Anthropogenic drivers of mangrove loss: Geographic patterns and implications for livelihoods

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Date of Original Version



National and global mangrove monitoring efforts provide an invaluable picture of changes to these dynamic and valuable ecosystems, the global threats they face, and the outcomes of recovery efforts. However, multiple forces drive global mangrove losses, whose nature and dynamics can vary dramatically across regional and local contexts. If we are to truly understand the human dimensions of these systems, we need to understand the fundamental drivers of mangrove losses and how they interact at local levels. The fate of interdisciplinary mangrove science as well as current and future mangrove conservation efforts rests on this knowledge. In this chapter, we review case studies of mangrove ecosystems to compare the fundamental drivers of regional mangrove losses. We highlight two significant drivers of mangrove losses: (a) mangrove-dependent subsistence economies and related poverty traps; and (b) the global trade in shrimp. Drawing on the cases of Southeast Asia/China and Ecuador, two distinct geographic regions that experienced rapid mangrove losses in the recent few decades, we examine specific drivers in those regional contexts. We conclude with implications of our findings for mangrove vulnerability and prospects for resilience. We argue for the benefits of a coupled system (specifically, a coupled socio-ecological system) approach to understand the bi-directional linkages between mangrove ecological dynamics on the one hand, and the constellation of anthropogenic drivers of mangrove change, on the other.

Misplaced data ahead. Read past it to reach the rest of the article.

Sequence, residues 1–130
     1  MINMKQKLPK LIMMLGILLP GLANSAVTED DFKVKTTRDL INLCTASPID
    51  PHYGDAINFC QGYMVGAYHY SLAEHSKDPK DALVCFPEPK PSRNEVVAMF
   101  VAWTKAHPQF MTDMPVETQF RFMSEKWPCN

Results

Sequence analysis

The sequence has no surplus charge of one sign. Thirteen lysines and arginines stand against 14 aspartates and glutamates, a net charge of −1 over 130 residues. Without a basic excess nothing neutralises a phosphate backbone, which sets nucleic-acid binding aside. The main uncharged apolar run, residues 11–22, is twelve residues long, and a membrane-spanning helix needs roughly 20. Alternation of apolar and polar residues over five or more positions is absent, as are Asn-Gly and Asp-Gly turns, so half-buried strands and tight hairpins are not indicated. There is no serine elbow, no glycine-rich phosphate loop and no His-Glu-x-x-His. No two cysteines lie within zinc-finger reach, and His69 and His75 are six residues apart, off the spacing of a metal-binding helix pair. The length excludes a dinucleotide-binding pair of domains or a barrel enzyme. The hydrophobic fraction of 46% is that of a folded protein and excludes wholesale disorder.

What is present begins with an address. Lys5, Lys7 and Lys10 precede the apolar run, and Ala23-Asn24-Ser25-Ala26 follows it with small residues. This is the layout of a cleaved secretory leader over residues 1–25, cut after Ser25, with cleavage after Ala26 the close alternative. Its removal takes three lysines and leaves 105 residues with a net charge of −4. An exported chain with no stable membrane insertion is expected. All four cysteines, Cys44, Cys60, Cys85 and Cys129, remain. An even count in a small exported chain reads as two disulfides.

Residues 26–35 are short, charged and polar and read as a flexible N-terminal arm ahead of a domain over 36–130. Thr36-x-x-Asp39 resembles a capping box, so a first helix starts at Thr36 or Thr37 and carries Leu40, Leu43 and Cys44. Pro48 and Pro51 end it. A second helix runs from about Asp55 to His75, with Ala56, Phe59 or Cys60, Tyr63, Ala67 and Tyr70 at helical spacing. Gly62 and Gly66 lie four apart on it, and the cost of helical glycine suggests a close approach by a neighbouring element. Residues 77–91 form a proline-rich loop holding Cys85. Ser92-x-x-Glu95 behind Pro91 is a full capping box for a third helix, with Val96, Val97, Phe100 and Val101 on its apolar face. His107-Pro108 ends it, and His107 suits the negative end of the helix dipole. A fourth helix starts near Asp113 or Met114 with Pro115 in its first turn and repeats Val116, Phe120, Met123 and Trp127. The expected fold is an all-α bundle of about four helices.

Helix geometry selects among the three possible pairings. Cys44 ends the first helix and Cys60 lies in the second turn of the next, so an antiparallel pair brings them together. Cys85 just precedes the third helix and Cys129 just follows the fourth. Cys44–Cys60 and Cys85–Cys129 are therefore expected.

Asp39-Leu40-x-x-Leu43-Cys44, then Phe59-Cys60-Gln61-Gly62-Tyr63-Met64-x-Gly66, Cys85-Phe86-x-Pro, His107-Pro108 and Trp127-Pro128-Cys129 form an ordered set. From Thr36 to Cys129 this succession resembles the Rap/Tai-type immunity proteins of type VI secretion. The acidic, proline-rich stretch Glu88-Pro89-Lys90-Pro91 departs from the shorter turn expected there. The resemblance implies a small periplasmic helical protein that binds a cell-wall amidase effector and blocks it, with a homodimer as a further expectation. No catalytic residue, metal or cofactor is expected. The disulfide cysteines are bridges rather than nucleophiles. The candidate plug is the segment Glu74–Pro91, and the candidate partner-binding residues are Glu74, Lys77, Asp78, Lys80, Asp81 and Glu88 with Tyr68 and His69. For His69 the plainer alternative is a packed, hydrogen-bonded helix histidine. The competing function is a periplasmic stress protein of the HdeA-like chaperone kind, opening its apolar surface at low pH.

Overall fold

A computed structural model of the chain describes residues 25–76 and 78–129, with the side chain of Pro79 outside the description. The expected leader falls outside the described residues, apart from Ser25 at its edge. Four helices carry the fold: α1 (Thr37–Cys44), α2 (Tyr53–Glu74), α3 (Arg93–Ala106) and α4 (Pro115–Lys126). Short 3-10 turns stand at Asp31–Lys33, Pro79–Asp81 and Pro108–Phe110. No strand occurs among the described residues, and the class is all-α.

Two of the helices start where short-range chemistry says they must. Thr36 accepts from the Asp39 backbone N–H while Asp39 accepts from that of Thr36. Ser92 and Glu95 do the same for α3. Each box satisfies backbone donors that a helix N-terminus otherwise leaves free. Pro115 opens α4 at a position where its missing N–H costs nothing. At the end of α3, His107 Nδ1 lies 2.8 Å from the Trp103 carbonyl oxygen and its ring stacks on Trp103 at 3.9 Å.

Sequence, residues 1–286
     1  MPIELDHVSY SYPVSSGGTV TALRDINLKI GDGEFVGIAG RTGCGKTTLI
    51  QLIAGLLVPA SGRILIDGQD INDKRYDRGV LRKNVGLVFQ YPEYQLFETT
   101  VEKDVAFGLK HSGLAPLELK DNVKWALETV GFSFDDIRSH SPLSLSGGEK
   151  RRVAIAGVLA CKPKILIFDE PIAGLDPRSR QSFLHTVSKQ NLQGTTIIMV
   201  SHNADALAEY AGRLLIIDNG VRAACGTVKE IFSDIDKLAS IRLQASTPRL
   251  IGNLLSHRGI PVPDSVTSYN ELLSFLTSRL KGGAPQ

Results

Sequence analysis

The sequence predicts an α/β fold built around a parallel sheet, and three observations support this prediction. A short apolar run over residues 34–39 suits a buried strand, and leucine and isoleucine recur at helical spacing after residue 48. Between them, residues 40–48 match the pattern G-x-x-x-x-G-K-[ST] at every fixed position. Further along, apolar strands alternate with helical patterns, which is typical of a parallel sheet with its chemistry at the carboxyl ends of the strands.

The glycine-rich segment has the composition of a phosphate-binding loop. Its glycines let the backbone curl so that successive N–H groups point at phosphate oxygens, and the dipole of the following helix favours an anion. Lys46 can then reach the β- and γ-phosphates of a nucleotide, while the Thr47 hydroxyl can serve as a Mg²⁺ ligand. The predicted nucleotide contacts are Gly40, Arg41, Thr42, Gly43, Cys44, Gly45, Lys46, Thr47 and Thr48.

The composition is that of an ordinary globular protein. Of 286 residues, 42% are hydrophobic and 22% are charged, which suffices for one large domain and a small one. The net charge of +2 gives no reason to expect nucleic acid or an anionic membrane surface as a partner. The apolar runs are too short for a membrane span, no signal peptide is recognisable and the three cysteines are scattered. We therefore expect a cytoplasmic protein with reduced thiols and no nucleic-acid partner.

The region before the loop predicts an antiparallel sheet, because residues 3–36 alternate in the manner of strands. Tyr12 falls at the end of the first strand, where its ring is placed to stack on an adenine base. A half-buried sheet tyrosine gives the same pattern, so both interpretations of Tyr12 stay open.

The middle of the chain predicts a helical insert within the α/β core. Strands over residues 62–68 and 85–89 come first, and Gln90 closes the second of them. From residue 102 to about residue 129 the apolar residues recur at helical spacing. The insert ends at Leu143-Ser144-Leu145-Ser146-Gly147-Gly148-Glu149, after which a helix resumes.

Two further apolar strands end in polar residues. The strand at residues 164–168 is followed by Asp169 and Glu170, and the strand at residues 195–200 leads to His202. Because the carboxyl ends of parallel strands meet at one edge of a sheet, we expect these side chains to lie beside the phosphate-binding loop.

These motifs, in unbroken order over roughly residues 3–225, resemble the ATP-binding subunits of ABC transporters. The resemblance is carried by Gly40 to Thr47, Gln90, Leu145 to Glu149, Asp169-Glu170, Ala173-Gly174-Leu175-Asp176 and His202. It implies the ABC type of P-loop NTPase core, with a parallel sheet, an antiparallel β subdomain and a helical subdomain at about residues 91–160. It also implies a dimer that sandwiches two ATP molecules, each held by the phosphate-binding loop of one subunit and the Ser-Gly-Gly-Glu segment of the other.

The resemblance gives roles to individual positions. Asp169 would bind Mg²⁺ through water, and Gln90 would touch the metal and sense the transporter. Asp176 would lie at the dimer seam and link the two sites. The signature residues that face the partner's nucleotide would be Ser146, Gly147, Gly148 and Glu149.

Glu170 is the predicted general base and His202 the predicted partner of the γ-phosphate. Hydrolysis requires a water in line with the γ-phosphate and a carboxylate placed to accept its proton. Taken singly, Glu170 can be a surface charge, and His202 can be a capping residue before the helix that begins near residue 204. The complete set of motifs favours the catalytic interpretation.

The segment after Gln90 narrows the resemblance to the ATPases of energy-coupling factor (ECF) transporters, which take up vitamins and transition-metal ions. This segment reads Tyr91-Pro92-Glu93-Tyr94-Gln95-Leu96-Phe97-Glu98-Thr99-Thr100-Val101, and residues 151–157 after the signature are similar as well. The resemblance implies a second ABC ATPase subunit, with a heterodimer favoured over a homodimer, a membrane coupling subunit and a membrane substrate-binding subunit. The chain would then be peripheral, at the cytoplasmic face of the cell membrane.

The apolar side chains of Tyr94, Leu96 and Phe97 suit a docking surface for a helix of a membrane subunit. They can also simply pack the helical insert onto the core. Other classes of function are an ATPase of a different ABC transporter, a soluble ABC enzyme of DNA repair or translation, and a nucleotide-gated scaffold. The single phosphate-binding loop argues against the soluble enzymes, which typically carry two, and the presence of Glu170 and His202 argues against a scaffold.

Publication Title, e.g., Journal

Mangrove Ecosystems: A Global Biogeographic Perspective: Structure, Function, and Services